Good news to the world: Zika virus vaccine may be ready for emergency use by the year's end, developers say.

The announcement is far ahead of the timeline set by U.S. authorities, signifying possibly earlier eradication of the global mosquito-borne infection.

"I'm amazed," says Gary Kobinger from the National Microbiology Laboratory in Winnipeg, Canada. "This vaccine is already in clinical production."

Kobinger is part of team working on a Zika virus vaccine and was also involved in the development of an Ebola vaccine that proved effective in Guinea.

Kobinger says the vaccine may be up for human testing as early as August 2016. If trial results come out successful, developers may be allowed to administer it for emergency use by October or November 2016.

He adds that the initial intervention to do is to expect for the worst as the vaccine is a breeze to manufacture and could be started at high levels within a short period of time. However, he has not specified the exact time when the world could have access to it.

Kobinger is collaborating with teams from the University of Pennsylvania, Inovio Pharmaceuticals Inc. and GeneOne Life Science Inc. from South Korea.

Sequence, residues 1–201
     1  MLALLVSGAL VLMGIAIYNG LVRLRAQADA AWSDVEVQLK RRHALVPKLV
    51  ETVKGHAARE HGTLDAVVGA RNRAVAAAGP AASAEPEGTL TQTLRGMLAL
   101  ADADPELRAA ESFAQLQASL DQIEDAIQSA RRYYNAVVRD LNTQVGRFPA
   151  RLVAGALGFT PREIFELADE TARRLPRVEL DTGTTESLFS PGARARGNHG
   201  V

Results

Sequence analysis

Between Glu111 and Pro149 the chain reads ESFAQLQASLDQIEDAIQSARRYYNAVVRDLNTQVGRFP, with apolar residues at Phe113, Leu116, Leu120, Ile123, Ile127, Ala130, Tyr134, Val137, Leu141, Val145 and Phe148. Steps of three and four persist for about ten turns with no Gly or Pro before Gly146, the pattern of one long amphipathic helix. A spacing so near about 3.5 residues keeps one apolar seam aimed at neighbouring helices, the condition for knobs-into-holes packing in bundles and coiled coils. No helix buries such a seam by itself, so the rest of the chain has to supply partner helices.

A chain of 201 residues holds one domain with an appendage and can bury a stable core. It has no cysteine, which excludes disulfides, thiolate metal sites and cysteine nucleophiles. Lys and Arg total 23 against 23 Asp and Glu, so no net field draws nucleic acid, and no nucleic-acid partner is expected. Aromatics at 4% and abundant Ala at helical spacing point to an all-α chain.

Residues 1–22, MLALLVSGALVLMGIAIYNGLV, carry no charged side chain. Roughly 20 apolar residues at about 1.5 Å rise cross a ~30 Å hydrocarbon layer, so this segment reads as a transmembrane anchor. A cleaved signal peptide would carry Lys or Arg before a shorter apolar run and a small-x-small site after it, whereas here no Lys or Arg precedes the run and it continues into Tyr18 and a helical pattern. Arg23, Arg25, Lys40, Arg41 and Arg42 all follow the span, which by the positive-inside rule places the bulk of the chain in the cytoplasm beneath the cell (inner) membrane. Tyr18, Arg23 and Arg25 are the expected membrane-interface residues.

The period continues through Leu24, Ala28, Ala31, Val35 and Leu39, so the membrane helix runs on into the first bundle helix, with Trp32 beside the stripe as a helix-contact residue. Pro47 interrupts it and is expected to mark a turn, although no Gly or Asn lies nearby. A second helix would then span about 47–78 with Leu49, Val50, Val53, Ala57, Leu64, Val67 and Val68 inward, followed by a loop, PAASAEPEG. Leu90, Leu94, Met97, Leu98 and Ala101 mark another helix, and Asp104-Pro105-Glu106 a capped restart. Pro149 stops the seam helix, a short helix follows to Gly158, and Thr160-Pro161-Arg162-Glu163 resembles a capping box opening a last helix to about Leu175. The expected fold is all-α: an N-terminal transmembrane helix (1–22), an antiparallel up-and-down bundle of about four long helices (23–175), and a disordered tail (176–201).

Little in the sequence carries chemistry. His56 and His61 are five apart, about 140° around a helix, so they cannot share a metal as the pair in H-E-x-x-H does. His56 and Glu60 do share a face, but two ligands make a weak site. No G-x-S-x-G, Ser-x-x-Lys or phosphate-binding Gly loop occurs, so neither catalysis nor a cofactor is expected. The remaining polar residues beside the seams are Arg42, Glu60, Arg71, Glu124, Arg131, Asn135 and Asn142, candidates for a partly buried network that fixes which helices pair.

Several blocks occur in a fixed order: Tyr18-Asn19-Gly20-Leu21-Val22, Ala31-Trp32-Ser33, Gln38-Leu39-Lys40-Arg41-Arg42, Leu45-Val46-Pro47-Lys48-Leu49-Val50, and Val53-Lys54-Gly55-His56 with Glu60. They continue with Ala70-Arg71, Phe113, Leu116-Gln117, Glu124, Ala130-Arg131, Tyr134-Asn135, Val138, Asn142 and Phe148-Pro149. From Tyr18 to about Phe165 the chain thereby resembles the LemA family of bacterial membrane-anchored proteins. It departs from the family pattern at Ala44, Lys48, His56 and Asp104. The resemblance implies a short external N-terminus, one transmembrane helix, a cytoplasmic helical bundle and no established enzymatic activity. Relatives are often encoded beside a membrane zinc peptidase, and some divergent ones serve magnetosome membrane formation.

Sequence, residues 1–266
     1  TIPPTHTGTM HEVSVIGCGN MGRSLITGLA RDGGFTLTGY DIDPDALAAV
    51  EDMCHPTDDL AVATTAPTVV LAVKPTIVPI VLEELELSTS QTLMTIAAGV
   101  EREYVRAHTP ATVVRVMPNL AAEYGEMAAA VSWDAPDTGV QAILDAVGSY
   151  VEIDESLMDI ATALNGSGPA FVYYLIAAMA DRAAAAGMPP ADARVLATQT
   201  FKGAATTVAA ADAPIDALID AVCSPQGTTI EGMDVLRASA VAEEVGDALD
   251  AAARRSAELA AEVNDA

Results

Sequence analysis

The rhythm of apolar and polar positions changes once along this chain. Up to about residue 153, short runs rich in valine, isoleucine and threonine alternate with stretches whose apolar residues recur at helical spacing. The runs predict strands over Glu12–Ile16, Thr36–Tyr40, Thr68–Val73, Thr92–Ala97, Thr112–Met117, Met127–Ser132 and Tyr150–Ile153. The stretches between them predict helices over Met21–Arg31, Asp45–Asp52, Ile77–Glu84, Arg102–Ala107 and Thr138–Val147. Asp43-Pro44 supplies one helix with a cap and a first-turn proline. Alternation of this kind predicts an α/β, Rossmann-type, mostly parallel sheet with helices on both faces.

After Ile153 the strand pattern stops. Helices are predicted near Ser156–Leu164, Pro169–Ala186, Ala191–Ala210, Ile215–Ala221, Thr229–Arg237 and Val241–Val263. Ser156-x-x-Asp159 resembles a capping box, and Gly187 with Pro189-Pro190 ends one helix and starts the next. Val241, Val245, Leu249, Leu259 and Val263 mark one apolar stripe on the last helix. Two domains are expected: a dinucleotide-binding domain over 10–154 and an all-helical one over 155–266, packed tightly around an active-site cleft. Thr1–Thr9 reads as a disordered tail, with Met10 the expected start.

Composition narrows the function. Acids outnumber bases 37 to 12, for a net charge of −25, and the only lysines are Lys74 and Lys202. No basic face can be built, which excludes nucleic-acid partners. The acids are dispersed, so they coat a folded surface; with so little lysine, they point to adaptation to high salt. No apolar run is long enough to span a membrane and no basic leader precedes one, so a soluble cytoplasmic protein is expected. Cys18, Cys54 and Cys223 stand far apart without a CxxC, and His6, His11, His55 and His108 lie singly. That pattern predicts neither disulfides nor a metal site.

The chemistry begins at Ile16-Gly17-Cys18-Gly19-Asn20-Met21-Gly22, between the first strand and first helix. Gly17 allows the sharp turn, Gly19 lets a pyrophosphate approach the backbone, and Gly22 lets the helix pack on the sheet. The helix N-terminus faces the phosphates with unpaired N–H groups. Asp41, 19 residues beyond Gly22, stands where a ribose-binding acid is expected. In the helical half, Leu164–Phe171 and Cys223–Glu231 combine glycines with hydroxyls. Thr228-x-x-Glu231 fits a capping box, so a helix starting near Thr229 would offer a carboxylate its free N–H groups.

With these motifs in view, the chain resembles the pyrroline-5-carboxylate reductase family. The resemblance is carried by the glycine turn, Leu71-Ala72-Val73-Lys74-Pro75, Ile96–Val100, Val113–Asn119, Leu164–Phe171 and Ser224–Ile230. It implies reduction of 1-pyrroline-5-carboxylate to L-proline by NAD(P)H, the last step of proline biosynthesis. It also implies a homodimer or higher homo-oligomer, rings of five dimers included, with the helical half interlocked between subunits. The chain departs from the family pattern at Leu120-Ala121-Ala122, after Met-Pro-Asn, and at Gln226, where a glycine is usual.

Inovio chief executive Joseph Kim says making the vaccine available before 2016 is an aggressive endeavor, but it is possible.

"We believe we're ahead of the pack in the race for a Zika vaccine," says Kim.

Other teams are also developing Zika virus vaccines, but they appear to be moving at a slower pace. For instance, Butantan Institute in São Paulo, Brazil says it is already planning to create a vaccine in record time, but its leader says it will take them about three to five years to finish.

Zika virus is a self-limiting disease typically characterized by mild fever and rashes. In the past, experts said developing vaccines against it was not a major concern.

With the spike of global cases, WHO has deemed vaccine development urgent. In an official statement, the organization says it will prioritize vaccine and diagnostic test development to fight the disease.

U.S. National Institute of Allergy and Infectious Diseases director Dr. Anthony Fauci, on the other hand, says that while the agency is working on it, it is impossible to develop a Zika virus vaccine within this year or in the coming years.

Georgetown University experts Daniel Lucey and Lawrence Gostin agree with Fauci, saying it would probably take three to 10 years to develop a vaccine even with accelerated efforts.

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